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Posts Tagged ‘core’

This is a continuation of the post The Top 15 Reasons to Dump Machines from Your Hockey Leg Training. Please see the previous post for Part I.

 
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Photo source: mensfitness.com

One of my favourite exercises to use with the hockey players we train is the deadlift. We do all sorts of variations of this lift as well. We’ll do them with a wide snatch grip or regular grip. We’ll do with a straight leg or with more knee flexion. We’ll do them on two legs and on one. We’ll pull from the floor, from the rack and sometimes do deficit deadlifts.
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There’s an expression in sports that ‘you play, you pay’ meaning that injuries are bound to happen with enough time and at a high enough level. Obviously we want to prevent the non-contact injuries as much as possible but there’s still a chance that you may experience an injury.
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Last night I went to check out Karate Kid with my wife. If you grew up in the 80′s you had to have seen the original with Pat Morita and Ralph Macchio. It was a cool show back then and I was curious to see how Jackie Chan and the young Smith boy would do in the remake. And it wasn’t half bad. Chan still has a some moves left in him for this type of martial arts movie and Smith is well, let’s just say the apple doesn’t fall far from the tree. He definitely has his dad’s charisma and mannerisms. But what does this all have to do with hockey training?

Well in the movie Chan accepts Smith as a student to train him for karate. And he quickly establishes a protocol for training. For example training is at a certain time, place and location. And before the student can enter for training he must ask permission. Once he is allowed to enter, the old master has him take off his jacket, throw it down, pick it, hang it up and repeat. He makes him do these tasks repeatedly with the right form and attitude. Flashback to the 80′s version and you’ll remember the student having to ‘wax-on, wax-off’.

Soon the student becomes frustrated and takes it out verbally on the master telling him he’s wasting his time and needs to start training for karate instead of hanging up and taking off his jacket. It’s at this point that the master demonstrates the ingrained skills the student has learned by performing these movements repeatedly for the past few weeks. And here’s where the connection to hockey training comes in.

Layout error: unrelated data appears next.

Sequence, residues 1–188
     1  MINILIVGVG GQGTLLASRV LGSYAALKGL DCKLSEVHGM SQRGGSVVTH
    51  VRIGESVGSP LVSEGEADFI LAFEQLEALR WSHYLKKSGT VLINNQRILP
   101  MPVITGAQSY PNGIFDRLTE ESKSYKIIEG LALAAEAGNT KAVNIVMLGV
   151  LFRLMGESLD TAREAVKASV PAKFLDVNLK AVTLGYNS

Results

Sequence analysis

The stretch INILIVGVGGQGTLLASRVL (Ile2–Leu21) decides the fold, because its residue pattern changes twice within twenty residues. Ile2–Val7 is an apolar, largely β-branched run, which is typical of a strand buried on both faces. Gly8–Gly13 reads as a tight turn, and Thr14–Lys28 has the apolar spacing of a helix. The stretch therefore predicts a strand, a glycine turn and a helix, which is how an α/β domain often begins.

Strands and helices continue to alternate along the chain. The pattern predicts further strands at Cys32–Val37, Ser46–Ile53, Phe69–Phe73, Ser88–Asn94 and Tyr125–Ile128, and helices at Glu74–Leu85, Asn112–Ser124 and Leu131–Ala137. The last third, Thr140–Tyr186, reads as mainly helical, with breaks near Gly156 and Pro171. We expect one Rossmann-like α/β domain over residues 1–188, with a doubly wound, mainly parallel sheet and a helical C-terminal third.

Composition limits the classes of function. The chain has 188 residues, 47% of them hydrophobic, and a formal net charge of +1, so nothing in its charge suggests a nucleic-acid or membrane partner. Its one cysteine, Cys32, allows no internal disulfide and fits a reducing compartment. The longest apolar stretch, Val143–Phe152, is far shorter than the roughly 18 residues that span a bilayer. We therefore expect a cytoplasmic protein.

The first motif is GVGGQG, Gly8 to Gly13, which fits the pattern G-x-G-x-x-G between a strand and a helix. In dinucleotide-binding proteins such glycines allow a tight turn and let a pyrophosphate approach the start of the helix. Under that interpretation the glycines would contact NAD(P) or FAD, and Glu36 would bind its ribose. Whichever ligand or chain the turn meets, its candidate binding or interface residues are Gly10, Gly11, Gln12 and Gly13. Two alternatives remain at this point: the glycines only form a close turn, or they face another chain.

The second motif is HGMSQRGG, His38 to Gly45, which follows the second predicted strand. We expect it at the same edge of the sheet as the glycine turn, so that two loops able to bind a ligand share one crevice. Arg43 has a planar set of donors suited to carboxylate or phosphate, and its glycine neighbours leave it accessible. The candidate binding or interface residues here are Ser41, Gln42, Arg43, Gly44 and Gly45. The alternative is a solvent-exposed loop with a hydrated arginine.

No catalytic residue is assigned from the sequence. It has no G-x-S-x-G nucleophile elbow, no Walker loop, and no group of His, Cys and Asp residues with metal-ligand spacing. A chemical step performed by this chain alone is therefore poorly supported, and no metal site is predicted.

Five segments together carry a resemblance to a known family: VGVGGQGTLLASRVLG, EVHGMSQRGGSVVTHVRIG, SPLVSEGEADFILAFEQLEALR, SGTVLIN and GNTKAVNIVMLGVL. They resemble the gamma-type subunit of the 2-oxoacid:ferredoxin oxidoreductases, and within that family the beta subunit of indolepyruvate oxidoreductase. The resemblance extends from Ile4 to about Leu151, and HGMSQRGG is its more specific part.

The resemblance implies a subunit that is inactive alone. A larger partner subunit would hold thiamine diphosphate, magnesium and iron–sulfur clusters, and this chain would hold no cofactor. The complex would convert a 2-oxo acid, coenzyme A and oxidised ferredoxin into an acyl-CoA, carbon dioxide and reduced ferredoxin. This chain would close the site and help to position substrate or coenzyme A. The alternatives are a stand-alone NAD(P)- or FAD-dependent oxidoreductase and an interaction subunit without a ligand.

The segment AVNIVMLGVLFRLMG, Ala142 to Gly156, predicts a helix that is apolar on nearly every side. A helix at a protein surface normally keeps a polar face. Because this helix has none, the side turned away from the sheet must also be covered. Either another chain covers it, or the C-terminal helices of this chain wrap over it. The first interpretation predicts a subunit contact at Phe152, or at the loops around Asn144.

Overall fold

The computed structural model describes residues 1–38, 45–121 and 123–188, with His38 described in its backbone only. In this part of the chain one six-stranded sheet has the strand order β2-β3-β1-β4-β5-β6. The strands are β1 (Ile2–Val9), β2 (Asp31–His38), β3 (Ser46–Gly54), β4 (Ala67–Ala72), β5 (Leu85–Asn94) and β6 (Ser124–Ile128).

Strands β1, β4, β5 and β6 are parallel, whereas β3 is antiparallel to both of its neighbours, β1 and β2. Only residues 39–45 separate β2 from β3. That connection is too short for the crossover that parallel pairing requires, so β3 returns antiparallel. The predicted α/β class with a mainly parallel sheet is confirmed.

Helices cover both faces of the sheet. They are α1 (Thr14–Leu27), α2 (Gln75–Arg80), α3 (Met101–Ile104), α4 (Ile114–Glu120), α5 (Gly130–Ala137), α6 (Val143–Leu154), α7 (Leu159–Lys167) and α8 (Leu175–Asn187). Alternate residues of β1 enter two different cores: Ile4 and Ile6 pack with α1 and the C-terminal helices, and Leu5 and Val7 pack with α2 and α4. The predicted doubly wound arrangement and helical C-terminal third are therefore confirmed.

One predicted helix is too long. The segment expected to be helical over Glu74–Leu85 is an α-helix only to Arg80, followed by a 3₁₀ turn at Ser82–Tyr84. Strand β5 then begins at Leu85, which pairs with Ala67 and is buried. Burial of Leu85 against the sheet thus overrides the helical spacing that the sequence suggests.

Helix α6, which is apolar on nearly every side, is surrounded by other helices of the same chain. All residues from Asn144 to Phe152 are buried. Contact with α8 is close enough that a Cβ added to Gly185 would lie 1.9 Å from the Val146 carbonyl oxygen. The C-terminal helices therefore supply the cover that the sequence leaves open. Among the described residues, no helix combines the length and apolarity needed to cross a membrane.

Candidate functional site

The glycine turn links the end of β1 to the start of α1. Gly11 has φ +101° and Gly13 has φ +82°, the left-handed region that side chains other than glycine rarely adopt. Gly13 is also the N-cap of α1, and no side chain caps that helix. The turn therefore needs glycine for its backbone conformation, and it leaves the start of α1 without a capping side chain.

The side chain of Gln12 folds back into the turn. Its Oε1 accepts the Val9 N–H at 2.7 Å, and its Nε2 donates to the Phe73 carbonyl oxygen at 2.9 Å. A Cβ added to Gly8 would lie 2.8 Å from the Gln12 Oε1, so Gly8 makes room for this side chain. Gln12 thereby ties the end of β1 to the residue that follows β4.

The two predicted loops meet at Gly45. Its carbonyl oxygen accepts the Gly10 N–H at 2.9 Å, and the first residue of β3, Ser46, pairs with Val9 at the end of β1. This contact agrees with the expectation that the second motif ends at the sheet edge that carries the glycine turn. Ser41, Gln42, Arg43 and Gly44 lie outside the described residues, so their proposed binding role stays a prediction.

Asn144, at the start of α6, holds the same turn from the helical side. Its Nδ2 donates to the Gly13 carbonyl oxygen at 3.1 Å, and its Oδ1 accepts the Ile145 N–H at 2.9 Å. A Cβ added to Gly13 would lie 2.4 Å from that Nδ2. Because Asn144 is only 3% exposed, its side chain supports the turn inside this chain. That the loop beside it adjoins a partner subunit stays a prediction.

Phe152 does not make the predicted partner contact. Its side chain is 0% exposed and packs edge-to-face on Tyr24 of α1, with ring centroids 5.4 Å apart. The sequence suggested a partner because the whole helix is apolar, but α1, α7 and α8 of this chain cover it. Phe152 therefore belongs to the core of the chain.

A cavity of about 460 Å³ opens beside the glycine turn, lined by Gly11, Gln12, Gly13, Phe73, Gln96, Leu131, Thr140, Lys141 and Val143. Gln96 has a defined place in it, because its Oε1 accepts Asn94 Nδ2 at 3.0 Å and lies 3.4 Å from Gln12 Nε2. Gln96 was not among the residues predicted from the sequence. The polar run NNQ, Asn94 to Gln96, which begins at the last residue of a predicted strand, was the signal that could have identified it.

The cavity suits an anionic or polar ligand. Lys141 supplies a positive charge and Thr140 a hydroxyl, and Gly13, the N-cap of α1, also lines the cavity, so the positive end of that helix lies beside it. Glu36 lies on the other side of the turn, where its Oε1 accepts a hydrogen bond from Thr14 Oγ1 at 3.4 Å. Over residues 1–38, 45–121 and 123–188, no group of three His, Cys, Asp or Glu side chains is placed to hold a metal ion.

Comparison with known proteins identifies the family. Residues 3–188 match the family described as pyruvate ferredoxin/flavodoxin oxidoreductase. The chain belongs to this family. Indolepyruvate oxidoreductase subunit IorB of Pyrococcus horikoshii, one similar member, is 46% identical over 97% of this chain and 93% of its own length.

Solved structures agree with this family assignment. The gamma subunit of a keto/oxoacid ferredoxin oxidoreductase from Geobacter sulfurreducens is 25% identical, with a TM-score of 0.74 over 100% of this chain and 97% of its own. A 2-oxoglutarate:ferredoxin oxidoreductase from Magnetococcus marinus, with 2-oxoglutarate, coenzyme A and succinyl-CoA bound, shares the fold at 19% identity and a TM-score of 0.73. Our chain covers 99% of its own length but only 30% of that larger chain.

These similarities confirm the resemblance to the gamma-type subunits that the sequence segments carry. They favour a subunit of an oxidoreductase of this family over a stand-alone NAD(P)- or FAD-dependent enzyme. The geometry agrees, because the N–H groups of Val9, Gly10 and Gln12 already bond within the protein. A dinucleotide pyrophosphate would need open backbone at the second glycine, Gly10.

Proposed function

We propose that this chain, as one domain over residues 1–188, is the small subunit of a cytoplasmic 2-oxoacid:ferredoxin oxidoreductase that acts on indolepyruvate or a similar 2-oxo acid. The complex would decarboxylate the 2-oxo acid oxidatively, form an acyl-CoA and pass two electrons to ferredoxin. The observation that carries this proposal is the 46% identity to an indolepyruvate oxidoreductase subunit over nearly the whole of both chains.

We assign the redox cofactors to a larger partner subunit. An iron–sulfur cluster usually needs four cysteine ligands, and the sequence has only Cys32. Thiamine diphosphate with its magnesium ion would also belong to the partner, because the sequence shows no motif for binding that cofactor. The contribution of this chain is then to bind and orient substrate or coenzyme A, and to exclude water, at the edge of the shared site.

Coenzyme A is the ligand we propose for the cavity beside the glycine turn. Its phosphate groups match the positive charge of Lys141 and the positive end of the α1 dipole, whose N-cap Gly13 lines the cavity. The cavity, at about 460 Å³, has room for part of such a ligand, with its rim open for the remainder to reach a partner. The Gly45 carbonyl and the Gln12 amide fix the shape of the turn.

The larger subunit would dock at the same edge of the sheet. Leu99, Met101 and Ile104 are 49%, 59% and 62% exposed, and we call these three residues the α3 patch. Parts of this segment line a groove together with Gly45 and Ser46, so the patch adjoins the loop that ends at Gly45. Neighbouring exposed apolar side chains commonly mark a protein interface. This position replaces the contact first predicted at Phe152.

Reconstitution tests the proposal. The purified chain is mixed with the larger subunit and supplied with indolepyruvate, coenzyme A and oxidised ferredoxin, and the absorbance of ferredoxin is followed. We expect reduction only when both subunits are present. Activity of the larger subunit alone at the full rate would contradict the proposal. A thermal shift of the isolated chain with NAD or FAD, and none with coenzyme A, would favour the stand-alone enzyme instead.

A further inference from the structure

Sometimes I’ll work with hockey players who feel they should be doing certain exercises and may question why they are doing others. This doesn’t happen a lot but sometimes it does.

Or you speak with parents who ask me if I use a particular tool for training or have a particular ‘hockey specific’ exercise. And after biting my tongue I’ll smile and gently say that I haven’t used the tool or exercise they are referring. And here’s why.

To some the following drill may appear to have nothing to do with hockey.

I mean they aren’t standing on a balance board. Nor do they have a stick in their hands. How can this drills translate to hockey? They aren’t doing anything that resembles the game of hockey.

What this exercise does produce however is ground-based strength and power. There is a triple extension at the ankle-knee-hip and the athlete completes the movement with a weight overhead requiring a stable core and balance on their feet. Remind you of any movements?

In this picture the hockey player is accelerating by generating ground-based speed. The left leg has just completed a push off and is in triple extension. And as the play heads up ice the core is stable and the chest is tall. Sounds almost exactly like what the exercise above develops, doesn’t it?

As you continue with your off-season hockey training program remember that ‘hockey-specific’ doesn’t necessarily mean the exercise or drill has to look like the game of hockey. In fact in most cases the most effective exercises that will improve on-ice performance the most may look nothing like the game. Think instead what it is you are trying to get out of the exercise or drill to decide how beneficial it may be to improving your game.